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How Rhode Island can continue to build on what Dan Hurley started

Dan Hurley is gone, but he’s left behind enough for the Rams to build on.

NCAA Basketball: St. Joseph at Rhode Island Gregory J. Fisher-USA TODAY Sports

The last time that Rhode Island embarked on a nationwide coaching search, the program was in such dire straits that it was like a lottery team mid-tank...only without the light at the end of the tunnel of a top draft pick.

It was 2012 and URI was reeling after consecutive single-digit winning seasons. The Rams concluded their search by hiring firebrand Wagner College head coach Dan Hurley. At the time, Hurley was trying to carve out a name for himself — not an easy undertaking considering that his father is a Hall of Fame coach and his brother is an NCAA legend.

When Hurley took over in Kingston more than six-years-ago, he was suddenly faced with the unenviable task of resurrecting a moribund URI team left with a gutted roster and no NCAA Tournament appearances in nearly 20 years.

Now, thanks to Hurley, the condition of the 2018 program is lightyears ahead of the 2012 team. With three core players returning (Jeff Dowtin, Fatts Russell, and Cyril Langevine) from an NCAA Tournament team and the top-ranked mid-major recruiting class coming in, the Rams are in position to build a program that is perennially in the hunt for deep runs in March.

However, the looming question remains: What do new coach Dave Cox and athletic director Thorr Bjorn need to do to not only maintain, but elevate what Hurley spent the last half-decade building?

Promote from within to maintain continuity

There is a reason Xavier has made the tournament 12 out of the last 13 seasons, despite bigger schools occasionally poaching its coaches; the Musketeers promote from within to maintain continuity.

Perhaps Bill Koch, Providence Journal beat writer for Rhode Island basketball explains the merits of the Xavier Model — especially for the highly vulnerable Mid Major college basketball programs — most succinctly.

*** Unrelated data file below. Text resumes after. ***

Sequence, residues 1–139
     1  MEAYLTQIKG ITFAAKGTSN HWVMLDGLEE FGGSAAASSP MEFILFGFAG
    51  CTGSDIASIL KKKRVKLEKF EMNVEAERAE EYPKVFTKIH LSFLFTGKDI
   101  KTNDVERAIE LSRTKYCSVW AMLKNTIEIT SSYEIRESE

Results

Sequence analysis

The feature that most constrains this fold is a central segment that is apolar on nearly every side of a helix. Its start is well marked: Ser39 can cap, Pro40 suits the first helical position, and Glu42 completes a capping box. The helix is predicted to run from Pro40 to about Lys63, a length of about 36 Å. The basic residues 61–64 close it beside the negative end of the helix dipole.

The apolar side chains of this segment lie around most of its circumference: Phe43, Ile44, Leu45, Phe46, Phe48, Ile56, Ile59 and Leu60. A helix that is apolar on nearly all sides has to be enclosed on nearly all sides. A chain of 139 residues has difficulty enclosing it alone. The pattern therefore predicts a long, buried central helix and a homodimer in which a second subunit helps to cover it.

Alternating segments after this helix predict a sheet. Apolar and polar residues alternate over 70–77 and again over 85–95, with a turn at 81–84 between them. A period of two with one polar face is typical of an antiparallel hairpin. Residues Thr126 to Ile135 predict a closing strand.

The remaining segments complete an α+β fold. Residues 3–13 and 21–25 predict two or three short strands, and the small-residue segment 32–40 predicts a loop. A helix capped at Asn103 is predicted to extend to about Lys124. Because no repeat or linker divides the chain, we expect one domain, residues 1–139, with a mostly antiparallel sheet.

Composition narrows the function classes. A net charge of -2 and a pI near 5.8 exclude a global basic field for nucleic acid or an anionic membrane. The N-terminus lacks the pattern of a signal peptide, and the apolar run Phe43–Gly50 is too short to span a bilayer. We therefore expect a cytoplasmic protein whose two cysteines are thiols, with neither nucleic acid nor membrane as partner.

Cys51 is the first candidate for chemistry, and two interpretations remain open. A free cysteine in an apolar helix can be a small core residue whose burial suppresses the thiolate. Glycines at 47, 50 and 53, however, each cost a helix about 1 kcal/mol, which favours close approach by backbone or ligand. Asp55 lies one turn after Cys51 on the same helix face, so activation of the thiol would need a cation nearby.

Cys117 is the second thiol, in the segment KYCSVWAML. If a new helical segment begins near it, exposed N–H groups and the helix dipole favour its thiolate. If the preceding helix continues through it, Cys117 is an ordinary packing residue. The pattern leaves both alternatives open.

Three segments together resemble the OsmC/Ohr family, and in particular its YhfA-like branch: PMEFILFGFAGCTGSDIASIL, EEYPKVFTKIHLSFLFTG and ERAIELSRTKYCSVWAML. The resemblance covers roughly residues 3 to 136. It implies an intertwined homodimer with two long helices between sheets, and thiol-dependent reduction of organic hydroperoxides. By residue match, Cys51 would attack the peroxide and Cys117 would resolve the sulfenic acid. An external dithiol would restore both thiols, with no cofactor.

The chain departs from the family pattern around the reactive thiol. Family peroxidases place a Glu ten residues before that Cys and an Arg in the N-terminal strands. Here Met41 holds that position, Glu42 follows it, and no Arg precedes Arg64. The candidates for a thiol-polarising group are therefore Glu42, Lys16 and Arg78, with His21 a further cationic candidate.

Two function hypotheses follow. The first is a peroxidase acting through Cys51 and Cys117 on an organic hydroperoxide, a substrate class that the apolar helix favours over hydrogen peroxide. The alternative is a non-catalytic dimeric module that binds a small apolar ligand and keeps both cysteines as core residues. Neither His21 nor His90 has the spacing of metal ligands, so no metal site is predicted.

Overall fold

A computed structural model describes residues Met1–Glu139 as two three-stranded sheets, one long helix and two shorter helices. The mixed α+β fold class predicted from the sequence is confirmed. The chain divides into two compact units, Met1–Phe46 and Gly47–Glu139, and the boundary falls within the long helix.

Cox needs to replace himself

Cox, now head coach, will need to find an associate head coach with extensive recruiting connections as well as other skill sets such as player development, advanced scouting, video breakdown and play calling. In short, Cox should be looking for someone to do exactly what he did as associate head coach, and do it just as well.

Program Enhancements

After hiring Cox, Bjorn’s next move was to announce significant investments in the future of the program.

“I’ve said this a lot – we don’t want to build, nor have we built, a house of cards. We’ve built this on a solid foundation which is, in my opinion, so important for the long-term sustainability and growth of the program,” Bjorn said.

Bjorn has already followed through on this promise by raising the assistant coaching salary pool and giving the green light for the construction of a free-standing state-of-the-art practice facility. But URI can ill afford to rest on its laurels.

A sustained program enhancement approach is a mid-major’s life-blood in order to maintain relevance in an increasingly competitive NCAA basketball landscape.


The last time URI hired from within, the program elevated Jerry DeGregorio to replace Georgia bound Jim Harrick, with the help of a search committee that included team star and DeGregorio mentee Lamar Odom.

In rapid succession, four prospective recruits dropped URI from their prospect lists. Another was ruled ineligible, and a key reserve was lost to academics. With a decimated roster, DeGregorio’s first team struggled to a 5-25 record, the worst in school history. And as an extra punch to the gut, Odom ended up entering the NBA draft.

While this may be a cautionary tale for Bjorn, it can prove to be an outlier rather than a repeat performance. And Rhody fans passionately hope Cox will keep the Hurley Express chugging away for another six seasons.